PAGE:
2019 Annual Session Conference

May 3, 2019 ‐ May 7, 2019



Click here to view a list of the Annual Sessions lectures that will be published.

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Sessions

The Necessity of 3-D Imaging in the Modern Private Practice

May 4, 2019 9:10am ‐ May 4, 2019 10:10am

Bring your practice, and your patient’s treatment, into the modern age with CBCT imaging. This evolution in the standard of care can reveal hidden anatomy and disclose important variations that can’t be visualized through traditional imaging. These advantages allow clinicians to comprehensively evaluate orthodontic patients more reliably and efficiently. This presentation will focus on utilizing CBCT imaging in traditional treatment, diagnosis including maxillary transverse deficiency, airway analysis, surgical evaluations, and other commonly asked questions.

Learning Objectives:

  • Obtain a working-knowledge of the benefits of CBCT scans in orthodontics.
  • Recognize the scope and value for the extended information and insights that CBCT scans allow.
  • Discuss examples of the roles 3D technologies can play in surgical orthodontic cases.

Speaker(s):

Profitability in Pennies: Growing the Orthodontic Practice Today by Creating a Positive Financial Plan!

May 4, 2019 9:10am ‐ May 4, 2019 10:10am

This presentation will review the many ways to create profit in the Orthodontic Practice today. Systems drive the financial aspects of the practice and the team control the systems. These systems may include payment option presentation, inventory control, scheduling for value per visit and efficiency protocols for patient retention.

Learning Objectives:

  • Evaluate the schedule to increase the value per visit for each procedure.
  • Review each job design as it creates profit in the practice by the completion of basic tasks.
  • Review finance options that create a positive cash flow for a business plan that is most efficient and productive.

Speaker(s):

Treatment Effects Produced by the Carriere Motion Appliance in Class II Patients

May 4, 2019 9:10am ‐ May 4, 2019 9:40am

The Carriere Motion Appliance can be used effectively and efficiently in the management of Class II patients at various stages of maturation. This treatment requires maximum compliance, with the patient wearing heavy intermaxillary elastics for 5-8 months followed by either fixed appliances or clear aligner therapy. The results of a retrospective study of the treatment effects produced by the Carriere appliance followed by fixed appliances in adolescent Class II patients will be discussed. The primary effects of treatment are a distilization of the maxillary posterior dentition and a clockwise rotation of the occlusal plane during the first phase of treatment that rebounds partially during the second phase. The effects on mandibular length generally are slight and vary widely among patients.

Learning Objectives:

  • Identify the basic components of the Carriere Motion appliance and how it is used clinically.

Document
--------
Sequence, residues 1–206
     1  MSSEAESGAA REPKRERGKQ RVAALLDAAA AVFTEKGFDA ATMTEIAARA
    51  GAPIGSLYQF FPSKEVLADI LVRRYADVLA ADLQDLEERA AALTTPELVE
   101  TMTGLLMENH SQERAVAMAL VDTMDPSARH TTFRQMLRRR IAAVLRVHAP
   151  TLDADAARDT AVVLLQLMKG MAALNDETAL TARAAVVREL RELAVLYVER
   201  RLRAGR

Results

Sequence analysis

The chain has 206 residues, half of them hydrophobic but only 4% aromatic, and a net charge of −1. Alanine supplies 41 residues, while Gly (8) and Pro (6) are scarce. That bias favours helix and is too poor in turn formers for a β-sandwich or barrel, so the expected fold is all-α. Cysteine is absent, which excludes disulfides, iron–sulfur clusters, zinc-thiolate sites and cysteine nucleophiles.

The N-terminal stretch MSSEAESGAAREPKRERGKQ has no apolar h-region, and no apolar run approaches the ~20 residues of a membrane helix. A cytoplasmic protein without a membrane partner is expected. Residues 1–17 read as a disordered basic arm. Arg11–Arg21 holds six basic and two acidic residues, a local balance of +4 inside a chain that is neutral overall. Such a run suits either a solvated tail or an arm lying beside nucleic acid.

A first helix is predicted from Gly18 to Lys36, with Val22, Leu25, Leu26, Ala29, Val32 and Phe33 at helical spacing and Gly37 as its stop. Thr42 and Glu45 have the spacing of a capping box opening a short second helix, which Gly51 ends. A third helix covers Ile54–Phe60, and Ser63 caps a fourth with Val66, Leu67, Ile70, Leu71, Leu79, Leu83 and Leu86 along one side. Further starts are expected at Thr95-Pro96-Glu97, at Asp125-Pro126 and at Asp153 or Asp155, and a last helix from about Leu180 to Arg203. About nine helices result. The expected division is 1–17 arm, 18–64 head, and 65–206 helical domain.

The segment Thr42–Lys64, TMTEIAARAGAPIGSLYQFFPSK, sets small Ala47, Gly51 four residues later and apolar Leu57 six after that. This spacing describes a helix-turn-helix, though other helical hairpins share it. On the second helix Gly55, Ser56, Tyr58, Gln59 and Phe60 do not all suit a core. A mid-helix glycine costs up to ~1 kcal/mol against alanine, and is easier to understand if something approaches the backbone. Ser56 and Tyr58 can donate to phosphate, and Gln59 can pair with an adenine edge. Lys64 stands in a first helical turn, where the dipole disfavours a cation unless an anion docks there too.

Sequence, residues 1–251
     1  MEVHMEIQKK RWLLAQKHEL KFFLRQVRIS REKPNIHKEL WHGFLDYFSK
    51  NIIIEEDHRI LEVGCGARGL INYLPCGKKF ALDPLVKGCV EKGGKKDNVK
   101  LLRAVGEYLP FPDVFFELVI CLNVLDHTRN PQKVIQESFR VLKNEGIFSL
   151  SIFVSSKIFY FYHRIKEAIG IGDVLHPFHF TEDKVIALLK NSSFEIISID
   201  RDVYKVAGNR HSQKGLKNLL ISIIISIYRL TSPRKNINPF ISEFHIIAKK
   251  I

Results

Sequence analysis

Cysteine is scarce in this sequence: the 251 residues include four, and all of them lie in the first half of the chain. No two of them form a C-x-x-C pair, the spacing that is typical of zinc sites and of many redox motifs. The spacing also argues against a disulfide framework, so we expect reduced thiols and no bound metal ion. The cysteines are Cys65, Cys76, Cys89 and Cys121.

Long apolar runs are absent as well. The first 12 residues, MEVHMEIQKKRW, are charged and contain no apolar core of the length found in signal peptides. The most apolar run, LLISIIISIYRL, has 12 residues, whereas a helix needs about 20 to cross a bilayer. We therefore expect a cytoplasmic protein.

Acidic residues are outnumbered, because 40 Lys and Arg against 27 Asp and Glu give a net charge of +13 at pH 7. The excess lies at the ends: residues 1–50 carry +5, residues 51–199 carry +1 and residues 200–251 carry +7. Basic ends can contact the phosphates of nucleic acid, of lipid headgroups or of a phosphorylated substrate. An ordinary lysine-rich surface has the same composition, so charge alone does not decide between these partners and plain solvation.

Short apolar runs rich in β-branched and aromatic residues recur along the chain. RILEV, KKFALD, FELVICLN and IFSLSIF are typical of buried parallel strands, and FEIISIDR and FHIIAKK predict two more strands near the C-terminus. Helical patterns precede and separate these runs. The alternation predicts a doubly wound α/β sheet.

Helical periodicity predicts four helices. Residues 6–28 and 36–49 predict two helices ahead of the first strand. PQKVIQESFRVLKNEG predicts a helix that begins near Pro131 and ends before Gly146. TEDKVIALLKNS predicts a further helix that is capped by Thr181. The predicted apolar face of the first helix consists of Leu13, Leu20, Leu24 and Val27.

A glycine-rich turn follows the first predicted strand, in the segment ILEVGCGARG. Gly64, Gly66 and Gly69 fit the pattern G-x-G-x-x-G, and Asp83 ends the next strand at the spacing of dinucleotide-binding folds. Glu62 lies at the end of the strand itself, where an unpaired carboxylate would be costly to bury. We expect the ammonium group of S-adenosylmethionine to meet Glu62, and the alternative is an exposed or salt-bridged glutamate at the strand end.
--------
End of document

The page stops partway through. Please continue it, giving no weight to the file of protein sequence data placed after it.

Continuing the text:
• Evaluate the skeletal and dentoalveolar effects produced by the Carriere Motion appliance.
  • Discuss the force levels produced by various orthodontic elastics used routinely in clinical practice.

Speaker(s):

Class II with Vertical Discrepancy: Make it Easy, Use TADs!

May 4, 2019 9:10am ‐ May 4, 2019 9:40am

TADs-Miniscrews are auxiliary devices available to the orthodontist, used to correct both sagittal (class II) and vertical (deep overbite and open bite) discrepancies easily, quickly and effectively. Placement area depends on the individual patient’s anatomical characteristics, as well as on the desired movement, the maxillary tuberosity and the interincisal area being safe and advisable zones.

Learning Objectives:

  • Illustrate the clinical application of miniscrews: auxiliary devices used to correct both sagittal and vertical discrepancies easily, quickly and effectively.
  • Identify the most suitable areas for miniscrew placement such as the maxillary tuberosity and the upper and lower interincisal areas.
  • Determine appropriate miniscrew length and diameter in relation to each anatomical area and malocclusion.

Speaker(s):

Orthodontics and Sleep Disordered Breathing: What We Know, and What We Don’t

May 4, 2019 9:10am ‐ May 4, 2019 9:40am

Recently, interest in obstructive sleep disorders has led to much speculation within the dental profession making it difficult to separate fact from fiction. This presentation will be a succinct review of published literature and recent clinical trial data, providing a clear picture of the evidence base on the topic. The relationship between sleep disordered breathing and craniofacial growth and development, as well as the current evidence of managing pediatric sleep disorders with dentofacial orthopedics will be directly addressed.

Learning Objectives:

  • Define the role of the orthodontist in patients with sleep disordered breathing.
  • Evaluate the evidence of maxillary expansion in children with OSA.
  • Describe the relationship between dentofacial morphology and OSA.

Speaker(s):